In reality, Moldova presents a more appealing outlook and potential; small roads winding through the vineyards, sunflower fields and verdant pastures, bucolic and romantic waterfalls, beautiful monasteries carved into the limestone cliffs, not to forget the festive spirit that reigns in Chisinau, the capital. Part I will sketch out a synthesis between globalization trends and modern developments in the Republic of Moldova. Part II investigates the issue of tourism, and the underlying causes behind the disappointing figures in this small country. Part III puts forward a groundbreaking socially inclusive 2.0 digital initiative aimed at reconciling the dynamics of globalization with development trends in the Republic of Moldova.

Key Terms in this Chapter

Association Agreement: The Moldova–European Union Association Agreement is a treaty that establishes a political and economic association between the two parties. The association agreement commits Moldova to economic, judicial and financial reforms to converge its policies and legislation to those of the European Union. It was initialled on 29 November 2013 in Brussels. It was signed on 27 June 2014 in Vilnius, and has been provisionally applied since 1 September 2014.

Economic Development: Economic development refers to the sustained, concerted actions of communities and policymakers that improve the standard of living and economic health of a given country. The overall concept of development is complex and multidimensional. It comprises social, economic, cultural, anthropological and technological aspects.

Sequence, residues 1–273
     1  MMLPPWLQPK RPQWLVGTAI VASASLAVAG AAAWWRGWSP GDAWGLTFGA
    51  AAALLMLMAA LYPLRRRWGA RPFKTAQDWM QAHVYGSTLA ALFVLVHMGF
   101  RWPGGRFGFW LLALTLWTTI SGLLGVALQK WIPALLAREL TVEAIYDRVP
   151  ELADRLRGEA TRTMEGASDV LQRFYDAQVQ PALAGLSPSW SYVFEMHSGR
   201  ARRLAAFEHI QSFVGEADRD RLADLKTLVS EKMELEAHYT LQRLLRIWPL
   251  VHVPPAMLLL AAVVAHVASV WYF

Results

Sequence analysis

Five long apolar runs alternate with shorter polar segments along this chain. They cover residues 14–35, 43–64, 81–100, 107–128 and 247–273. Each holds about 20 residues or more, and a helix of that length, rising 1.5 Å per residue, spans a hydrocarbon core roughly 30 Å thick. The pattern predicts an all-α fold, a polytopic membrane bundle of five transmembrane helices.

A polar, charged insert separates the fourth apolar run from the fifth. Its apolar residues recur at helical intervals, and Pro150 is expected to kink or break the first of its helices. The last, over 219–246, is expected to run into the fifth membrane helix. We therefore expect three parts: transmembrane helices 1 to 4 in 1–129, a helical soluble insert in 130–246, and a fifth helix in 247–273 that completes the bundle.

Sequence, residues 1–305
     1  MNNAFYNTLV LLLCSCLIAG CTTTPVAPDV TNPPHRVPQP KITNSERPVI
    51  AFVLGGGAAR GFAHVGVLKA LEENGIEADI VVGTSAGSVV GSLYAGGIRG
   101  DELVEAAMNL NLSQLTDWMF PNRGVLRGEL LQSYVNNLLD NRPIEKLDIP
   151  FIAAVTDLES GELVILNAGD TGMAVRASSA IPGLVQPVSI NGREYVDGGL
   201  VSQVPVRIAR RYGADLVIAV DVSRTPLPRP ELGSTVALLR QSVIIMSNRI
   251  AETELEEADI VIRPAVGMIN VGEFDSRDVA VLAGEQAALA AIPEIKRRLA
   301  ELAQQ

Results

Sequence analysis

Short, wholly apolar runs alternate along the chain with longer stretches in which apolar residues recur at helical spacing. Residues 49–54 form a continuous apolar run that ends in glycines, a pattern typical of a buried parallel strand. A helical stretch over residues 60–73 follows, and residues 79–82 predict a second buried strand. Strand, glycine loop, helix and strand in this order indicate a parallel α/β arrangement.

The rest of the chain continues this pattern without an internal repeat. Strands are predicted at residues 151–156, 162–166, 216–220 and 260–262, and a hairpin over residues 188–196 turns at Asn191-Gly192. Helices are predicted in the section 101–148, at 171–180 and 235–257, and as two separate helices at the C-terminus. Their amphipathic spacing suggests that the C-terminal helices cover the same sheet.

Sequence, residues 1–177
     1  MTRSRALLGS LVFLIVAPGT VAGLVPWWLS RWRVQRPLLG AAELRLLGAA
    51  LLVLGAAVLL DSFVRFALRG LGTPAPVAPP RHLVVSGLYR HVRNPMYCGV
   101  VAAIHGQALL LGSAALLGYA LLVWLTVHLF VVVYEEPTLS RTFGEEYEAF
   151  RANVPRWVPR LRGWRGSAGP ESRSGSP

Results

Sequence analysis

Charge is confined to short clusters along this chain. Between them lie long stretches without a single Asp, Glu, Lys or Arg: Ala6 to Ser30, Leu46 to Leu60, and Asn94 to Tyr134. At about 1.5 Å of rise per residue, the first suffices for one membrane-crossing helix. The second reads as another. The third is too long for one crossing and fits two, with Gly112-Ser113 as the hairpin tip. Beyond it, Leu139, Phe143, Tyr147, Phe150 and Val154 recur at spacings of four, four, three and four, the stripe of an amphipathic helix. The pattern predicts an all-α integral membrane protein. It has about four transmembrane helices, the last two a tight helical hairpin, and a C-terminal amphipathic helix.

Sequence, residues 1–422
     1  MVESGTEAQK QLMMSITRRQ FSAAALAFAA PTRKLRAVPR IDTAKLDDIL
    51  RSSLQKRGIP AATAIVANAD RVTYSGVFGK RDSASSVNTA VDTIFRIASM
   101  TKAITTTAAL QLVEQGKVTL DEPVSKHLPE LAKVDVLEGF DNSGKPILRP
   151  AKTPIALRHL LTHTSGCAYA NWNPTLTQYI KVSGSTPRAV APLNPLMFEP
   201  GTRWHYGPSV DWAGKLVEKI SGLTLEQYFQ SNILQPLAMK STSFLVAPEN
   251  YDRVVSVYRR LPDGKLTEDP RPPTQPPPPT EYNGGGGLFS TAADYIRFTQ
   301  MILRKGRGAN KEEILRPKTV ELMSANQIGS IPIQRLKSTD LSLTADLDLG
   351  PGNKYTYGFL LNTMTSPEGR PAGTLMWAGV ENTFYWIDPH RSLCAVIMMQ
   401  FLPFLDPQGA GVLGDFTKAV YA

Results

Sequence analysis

Digital Platform: A digital platform refers to the software or hardware of a website allowing for the interaction of its users.

Tourism: 1. The practice of travelling for pleasure. 2. The business of providing tours and services for tourists.

Tourism 2.0: Tourism 2.0 is the business revolution in the tourism and leisure industry caused by the move to the tourist ecosystem as platform, and an attempt to understand the rules for success on that new platform. Chief among those rules is to build applications that harness network effects to get better the more people use them. ( Edu, 2010 ).

Globalization: Globalization is a process of interaction and integration among the people, firms, and governments of different nations, a process driven by international trade and investment and aided by information technology. It has effects on the environment, on culture, on political systems, on economic development and prosperity, and on human well-being around the world.

Web 2.0: Web 2.0 is a business revolution in the computer industry caused by the move to the Internet as platform, and an attempt to understand the rules for success on that new platform ( O’Reilly, 2005 ).

Poverty Alleviation: Poverty alleviation is any process that reduces income fluctuation between poor and non-poor scenarios (Adongo and Deen-Swarray, 2006 AU121: The in-text citation "Adongo and Deen-Swarray, 2006" is not in the reference list. Please correct the citation, add the reference to the list, or delete the citation. ). This is different from poverty reduction, which aims to permanently move an individual or household from a poor to a non-poor scenario.

Empowerment: First introduced by Barbara Solomon in 1976 as a method of social work with oppressed Afro-American communities, empowerment refers to the ability to gain control over our lives either by ourselves or with the help of others.

Social Inclusion: Social inclusion is the process of improving the terms for individuals and groups to take part in society by empowering poor and marginalized people to take advantage of global opportunities.